A splendidly restored old Thai wooden house, the Artist’s House catches the eyes from afar. A man painted in red sit on the dock, impassibly staring at the canal. Too immobile to be human, right. Another four statues painted in black and white face the water, one of them bearing a second head adorned with gold. I am too happy to stop there.
The place is an oasis of tranquillity and culture in the busy and materialist modern Bangkok – a Café des Arts, Thai-style, displaying a wealth of books, sculptures and paintings.
An old stupa (chedi) stands with the utmost dignity in the backyard. It serves as background to the puppet theatre play performed daily with the puppets that used to be part of the Joe Louis Puppet Theatre. Here we go.
A group of six men and women occupy the wooden stage. They wear dark clothing and a black mask to avoid attracting unnecessary attention by the audience. They place two delicate puppets on the stage, one male and the other female. The performance starts with a prayer.
It is believed that these puppets are imbued with their own spirit. No puppeteer will start before first seeking their permission. Moreover, a prayer is addressed to the late master puppeteer Krea, requesting humbly his support.
The puppets are gracious and splendid. Made of lightwood, papier-mâché and fine textiles, they reflect the vision of the master Sakorn: to create lifelike craft hand-held pieces. The mid-size puppets are articulated with metal coils wired to cords to action the neck, head and mouth. Hands, wrists, arms and legs come to life through external rods.
No less than three puppeteers service each creation of the master Sakorn: one for each side of the upper body, while the third one moves both legs. They are professional puppeteers trained in a five-year programme to acquire the basics of the triplet interplay, completed by another two years dedicated to forging expressive motions and attitudes of the puppet.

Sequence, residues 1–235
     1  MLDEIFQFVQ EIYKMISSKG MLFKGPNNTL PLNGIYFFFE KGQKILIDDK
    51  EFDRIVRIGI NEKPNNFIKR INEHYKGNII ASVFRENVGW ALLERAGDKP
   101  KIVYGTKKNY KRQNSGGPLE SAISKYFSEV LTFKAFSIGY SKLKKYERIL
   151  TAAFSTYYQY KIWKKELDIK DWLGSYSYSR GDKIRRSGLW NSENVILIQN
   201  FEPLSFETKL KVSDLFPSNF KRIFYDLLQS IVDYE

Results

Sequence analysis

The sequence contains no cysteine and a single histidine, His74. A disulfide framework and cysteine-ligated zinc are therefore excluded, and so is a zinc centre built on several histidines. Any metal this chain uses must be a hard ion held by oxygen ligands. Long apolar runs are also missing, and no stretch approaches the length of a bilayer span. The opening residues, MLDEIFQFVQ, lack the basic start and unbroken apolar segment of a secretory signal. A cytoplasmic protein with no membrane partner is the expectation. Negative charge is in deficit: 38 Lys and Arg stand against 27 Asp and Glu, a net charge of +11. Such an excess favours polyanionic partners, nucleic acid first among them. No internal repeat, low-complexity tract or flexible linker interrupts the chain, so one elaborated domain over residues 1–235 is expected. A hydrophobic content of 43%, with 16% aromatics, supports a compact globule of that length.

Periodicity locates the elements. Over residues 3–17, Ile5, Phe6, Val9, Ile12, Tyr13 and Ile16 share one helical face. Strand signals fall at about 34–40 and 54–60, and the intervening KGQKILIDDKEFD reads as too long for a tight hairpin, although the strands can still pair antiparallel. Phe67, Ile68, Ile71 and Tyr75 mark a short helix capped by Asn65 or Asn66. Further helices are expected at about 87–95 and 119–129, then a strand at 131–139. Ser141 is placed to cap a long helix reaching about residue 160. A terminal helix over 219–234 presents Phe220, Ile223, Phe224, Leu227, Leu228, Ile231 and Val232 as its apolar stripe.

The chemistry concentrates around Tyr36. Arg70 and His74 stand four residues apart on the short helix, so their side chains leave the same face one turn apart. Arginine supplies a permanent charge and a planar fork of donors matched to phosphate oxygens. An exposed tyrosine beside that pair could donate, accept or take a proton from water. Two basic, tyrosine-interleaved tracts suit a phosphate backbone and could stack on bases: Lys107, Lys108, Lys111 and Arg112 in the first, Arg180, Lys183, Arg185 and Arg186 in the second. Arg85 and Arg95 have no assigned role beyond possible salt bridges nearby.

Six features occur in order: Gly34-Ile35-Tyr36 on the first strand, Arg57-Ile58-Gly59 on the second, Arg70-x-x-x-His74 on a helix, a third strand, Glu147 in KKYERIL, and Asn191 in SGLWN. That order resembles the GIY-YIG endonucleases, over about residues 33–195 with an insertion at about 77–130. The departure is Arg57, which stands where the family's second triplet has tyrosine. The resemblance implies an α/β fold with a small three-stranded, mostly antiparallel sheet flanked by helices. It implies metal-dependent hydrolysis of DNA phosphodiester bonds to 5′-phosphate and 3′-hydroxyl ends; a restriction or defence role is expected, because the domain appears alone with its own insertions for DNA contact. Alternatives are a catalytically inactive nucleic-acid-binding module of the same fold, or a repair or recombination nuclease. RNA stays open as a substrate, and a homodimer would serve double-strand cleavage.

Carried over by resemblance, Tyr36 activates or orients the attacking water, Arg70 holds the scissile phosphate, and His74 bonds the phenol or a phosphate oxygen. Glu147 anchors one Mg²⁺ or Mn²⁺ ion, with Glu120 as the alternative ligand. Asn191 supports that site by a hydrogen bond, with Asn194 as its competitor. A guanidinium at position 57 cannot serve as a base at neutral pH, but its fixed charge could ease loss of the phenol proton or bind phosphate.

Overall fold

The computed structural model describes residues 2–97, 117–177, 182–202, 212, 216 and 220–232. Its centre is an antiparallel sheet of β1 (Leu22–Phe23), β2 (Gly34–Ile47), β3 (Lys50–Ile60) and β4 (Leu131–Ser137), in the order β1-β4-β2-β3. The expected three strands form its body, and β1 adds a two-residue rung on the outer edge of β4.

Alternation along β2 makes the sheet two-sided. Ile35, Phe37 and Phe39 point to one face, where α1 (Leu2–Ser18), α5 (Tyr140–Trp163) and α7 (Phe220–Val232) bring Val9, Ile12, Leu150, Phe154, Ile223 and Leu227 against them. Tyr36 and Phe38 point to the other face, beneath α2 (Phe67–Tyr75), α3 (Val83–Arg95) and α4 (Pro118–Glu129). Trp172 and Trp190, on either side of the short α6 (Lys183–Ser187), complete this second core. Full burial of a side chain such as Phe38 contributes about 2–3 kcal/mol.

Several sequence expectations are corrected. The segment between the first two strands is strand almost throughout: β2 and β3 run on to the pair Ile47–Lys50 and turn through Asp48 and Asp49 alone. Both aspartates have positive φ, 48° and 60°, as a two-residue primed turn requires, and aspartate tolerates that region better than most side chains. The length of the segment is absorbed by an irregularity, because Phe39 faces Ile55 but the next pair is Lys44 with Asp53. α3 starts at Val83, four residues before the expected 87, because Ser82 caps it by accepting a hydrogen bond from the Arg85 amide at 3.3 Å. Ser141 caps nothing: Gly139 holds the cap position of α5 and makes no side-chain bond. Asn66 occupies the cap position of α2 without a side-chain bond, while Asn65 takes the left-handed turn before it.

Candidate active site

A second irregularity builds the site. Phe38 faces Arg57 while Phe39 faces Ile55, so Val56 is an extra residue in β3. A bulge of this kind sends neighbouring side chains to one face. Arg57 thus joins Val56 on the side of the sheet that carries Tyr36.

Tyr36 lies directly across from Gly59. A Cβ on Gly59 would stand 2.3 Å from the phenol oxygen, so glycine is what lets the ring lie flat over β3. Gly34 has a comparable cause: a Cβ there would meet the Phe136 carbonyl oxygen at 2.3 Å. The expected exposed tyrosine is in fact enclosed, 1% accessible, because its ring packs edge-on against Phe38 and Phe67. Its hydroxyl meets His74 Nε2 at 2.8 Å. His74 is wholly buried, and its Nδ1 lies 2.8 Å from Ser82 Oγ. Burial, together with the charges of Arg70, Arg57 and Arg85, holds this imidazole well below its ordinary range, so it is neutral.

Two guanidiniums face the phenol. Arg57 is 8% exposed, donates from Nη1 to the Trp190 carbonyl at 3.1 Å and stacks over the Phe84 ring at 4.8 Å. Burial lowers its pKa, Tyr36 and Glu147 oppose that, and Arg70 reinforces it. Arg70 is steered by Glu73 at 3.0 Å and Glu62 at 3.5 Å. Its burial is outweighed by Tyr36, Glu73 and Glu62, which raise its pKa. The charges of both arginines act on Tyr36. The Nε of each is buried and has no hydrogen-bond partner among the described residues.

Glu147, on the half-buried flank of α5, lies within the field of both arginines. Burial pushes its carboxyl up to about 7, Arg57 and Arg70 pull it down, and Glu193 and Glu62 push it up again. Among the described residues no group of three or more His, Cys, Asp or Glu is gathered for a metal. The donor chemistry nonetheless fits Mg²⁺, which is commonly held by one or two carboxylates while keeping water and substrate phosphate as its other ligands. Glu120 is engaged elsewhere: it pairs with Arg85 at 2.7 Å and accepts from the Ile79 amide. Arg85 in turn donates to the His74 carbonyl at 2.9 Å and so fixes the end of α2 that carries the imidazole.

On stage, the puppeteers move and dance synchronously to the tempo of an orchestra of vocals, xylophones, flutes, cymbals, drums and gongs.
Various stories based on Thai folklore are narrated, involving mythological creatures and deities. Today, the baboon-featured god Hanuman attempts seducing Benjakai, the niece of the Demon King.
The white monkey god looks attractive in his golden diadem and fine dress. Still, Benjakai rejects his relentless advances. Hanuman’s mood goes wild and the romance turns into an argument.
Frustrated, Haneman shifts his attention to the audience. He bounces off the stage to first make a fool of various male spectators. Then, the seducer tries his fortune with a charming female visitor, smiling and caressing her only to better snatch her purse. He agrees returning the purse only against a kiss of her.
At least Haneman gets a kiss in the end. I leave the Artist’s House with much more – a vivid encounter with Pinocchio’s Thai counterpart, a memorable moment of Thai cultural fantasy and cleverness.
Thailand is full of gems of all sorts. Just open you ears and eyes.